Around one in five Year Six pupil in Blackpool is obese, new figures have revealed.
Latest stats show 280 of the town’s 10 and 11 year olds – more than 20 per cent – are obese, which is higher than the national average of 19 per cent and an increase on last year’s figures.
And a further 15 per cent of the 1,400 children measured are classed as overweight by the time they reach the age of 11.
Of the age group, figures for 2012 to 2013 from the Health and Social Care Information Centre (HSCIC) show that 896, 64 per cent, of the children are a healthy weight.
They also show that around 162 four and five year olds in Blackpool – 10.5 per cent of the 1,617 children measured – are classed as obese when they start school, just higher than the England average of nine per cent.
Last year, 18 per cent of children were obese in Year Six, and 8.6 per cent were obese in reception.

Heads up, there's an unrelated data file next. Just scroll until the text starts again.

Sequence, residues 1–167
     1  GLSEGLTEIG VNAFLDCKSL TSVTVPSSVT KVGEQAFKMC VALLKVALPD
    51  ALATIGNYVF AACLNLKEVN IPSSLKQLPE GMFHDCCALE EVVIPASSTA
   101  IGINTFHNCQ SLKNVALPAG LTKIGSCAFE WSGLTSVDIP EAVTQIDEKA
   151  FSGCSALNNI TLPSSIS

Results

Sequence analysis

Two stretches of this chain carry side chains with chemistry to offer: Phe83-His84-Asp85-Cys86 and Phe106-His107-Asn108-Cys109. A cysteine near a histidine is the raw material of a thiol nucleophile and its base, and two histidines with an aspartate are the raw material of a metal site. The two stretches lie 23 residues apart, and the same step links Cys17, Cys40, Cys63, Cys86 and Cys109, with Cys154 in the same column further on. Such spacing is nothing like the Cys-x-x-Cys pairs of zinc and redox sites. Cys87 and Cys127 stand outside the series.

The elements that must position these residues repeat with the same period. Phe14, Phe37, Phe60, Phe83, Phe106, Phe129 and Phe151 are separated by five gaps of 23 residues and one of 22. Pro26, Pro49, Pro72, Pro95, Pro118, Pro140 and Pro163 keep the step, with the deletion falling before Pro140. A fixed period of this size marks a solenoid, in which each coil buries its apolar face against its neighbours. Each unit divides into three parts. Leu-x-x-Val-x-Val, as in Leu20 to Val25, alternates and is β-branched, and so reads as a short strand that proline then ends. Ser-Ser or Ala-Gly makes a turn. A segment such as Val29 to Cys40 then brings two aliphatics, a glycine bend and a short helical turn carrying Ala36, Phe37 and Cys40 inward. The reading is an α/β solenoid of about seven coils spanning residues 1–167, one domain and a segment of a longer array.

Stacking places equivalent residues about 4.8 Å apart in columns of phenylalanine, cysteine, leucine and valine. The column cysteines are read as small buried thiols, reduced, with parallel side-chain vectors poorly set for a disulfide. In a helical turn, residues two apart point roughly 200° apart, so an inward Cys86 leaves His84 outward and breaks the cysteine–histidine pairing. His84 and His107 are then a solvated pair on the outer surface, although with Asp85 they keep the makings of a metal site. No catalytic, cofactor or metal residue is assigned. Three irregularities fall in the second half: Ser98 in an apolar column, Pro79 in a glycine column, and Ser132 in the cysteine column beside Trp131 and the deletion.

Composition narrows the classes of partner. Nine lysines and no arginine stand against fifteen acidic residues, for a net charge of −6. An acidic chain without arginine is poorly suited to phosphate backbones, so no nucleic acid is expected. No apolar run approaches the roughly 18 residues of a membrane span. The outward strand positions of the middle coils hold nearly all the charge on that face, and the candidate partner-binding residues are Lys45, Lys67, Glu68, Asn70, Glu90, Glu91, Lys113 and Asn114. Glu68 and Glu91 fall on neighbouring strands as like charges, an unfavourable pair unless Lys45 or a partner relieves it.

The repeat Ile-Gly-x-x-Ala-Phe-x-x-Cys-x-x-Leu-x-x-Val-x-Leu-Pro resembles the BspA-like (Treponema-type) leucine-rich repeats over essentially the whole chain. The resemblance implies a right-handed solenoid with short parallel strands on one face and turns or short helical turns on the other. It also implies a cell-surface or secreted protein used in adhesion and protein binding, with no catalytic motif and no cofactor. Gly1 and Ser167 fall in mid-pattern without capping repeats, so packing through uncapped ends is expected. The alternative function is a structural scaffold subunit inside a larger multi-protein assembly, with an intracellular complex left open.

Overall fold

The increase in obese children comes as the HSCIC reported a national downward trend in child obesity.
But Coun Sarah Riding, Blackpool Council cabinet member for health, said obesity was down to the wider poverty issue in Blackpool.
She said: “People think if you’re poor you’re going to be thin but with obesity comes malnourishment.
“Parents might not have the money to buy healthy foods – it can cost £1 for fresh cauliflower, but you can buy several packets of biscuits for that which fill the children up.
“People are very quick to condemn and blame parents but a lot live in poor accommodation which might not have appropriate cooking facilities.”
Coun Riding praised the council’s Free Breakfast Scheme and the work of Blackpool FC Community Trust in educating young people about keeping fit and healthy.
At Our Lady of the Assumption School in Blackpool, children are taught the importance of eating healthy food and keeping active.
PE co-ordinator at the school on Thornhill Close, Laurie Sharrock, said: “We make sure healthy living is integrated across the curriculum.
“Healthy lives is a big part of sport in school and we have a big uptake in our lunch time and after school sports activities.”
Mr Sharrock said the school also took a strong stance on bringing unhealthy food and drink into school.